Like all such things, it started in a small way. The idea of a sundial society had been mulled over for many years by several people, until the idea came to fruition in 1989. It was thought that maybe sundials could be dealt with as a sub section of the horological fraternity as there was no idea of the scale of interest. Early on it was known that there were several individuals who were not interested in the antiquarian aspect but who were actively producing new sundials, so a hands-on element was anticipated from the start. Then, daringly, it was considered that if it were possible to attract 30 interested persons, perhaps it could ‘go it alone’ as a fully fledged society within its own right. Currently, the Society has some 400 members.

Credit must be given to Dr. Andrew Somerville for getting matters off the ground and also the steersmanship of Charles Aked with his immense wealth of knowledge of matters, both sundial as well as horological. Sadly, neither of these founding fathers are with us but they did see the British Sundial Society hatch from an idea and their efforts put it on the right course. Now we can smile at the dilemma faced. It was envisaged that a Bulletin be issued two or three times a year of maybe a few photocopied sheets of paper, lest the fund of knowledge on sundials be too rapidly exhausted.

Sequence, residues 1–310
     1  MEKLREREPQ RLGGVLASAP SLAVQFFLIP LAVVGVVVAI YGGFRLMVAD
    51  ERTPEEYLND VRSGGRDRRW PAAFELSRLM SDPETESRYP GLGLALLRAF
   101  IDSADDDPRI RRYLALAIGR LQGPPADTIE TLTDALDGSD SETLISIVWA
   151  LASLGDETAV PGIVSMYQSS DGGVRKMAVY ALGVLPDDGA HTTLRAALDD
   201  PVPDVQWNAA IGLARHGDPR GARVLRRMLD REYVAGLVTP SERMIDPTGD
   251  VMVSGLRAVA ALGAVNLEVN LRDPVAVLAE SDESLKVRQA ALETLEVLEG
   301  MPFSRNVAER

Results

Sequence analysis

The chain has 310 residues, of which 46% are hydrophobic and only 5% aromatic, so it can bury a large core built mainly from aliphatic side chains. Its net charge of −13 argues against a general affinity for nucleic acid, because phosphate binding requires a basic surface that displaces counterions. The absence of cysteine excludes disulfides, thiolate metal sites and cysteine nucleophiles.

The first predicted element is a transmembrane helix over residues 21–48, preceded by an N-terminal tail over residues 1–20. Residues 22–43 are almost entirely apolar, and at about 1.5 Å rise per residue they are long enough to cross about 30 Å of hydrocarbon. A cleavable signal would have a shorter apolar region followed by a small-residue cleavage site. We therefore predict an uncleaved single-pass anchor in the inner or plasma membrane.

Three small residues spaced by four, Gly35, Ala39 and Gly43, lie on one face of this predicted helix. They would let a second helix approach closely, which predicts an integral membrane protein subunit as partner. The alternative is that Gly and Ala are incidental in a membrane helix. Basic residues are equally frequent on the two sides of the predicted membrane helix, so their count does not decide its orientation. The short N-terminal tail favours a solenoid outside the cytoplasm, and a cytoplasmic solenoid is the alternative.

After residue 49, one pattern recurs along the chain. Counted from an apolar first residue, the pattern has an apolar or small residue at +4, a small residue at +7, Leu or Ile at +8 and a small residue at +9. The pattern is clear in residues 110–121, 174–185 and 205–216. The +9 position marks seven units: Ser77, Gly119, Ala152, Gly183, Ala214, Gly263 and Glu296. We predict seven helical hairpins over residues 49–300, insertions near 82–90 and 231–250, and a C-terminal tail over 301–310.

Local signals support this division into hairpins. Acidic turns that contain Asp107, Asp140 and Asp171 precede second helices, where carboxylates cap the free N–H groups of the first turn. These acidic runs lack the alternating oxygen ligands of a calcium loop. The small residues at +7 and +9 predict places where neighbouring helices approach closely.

We now produce a full colour quality publication of 48 pages four times a year and have the embarrassment of asking authors to bear with us in the queue as so much material is coming forth!

Compared to some societies, our numbers are not great but two things stand out: diversity of approach and the sheer enthusiasm of the members. Sundials attract people from varied backgrounds: astronomical, military, medical, artistic and craftsmanship to name but a few. Then there are the meetings. Any society which can regularly attract about 15% of its membership to a major conference, some from across the globe, certainly has some driving force! Indeed, the name British Sundial Society is a misnomer as almost a third of the members live beyond these shores.

And there are the contradictions. In this computer age, information flies around the world in an instant. How paradoxical that one of the oldest technologies has combined with the newest to help in sundial design and also to spread the word. Now our Society has reached its twenty-fifth anniversary year and we are well into the new Millennium, we can look in both directions, at the old and the new. More has happened since that now historic meeting in 1989 than we dared to hope.

The Society became a Registered Charity in 1992 and a Charitable Incorporated Organisation in 2014 (Registered Charity Number 1155688). The Constitution of the CIO is available here.

The Society is affiliated to the Royal Astronomical Society.

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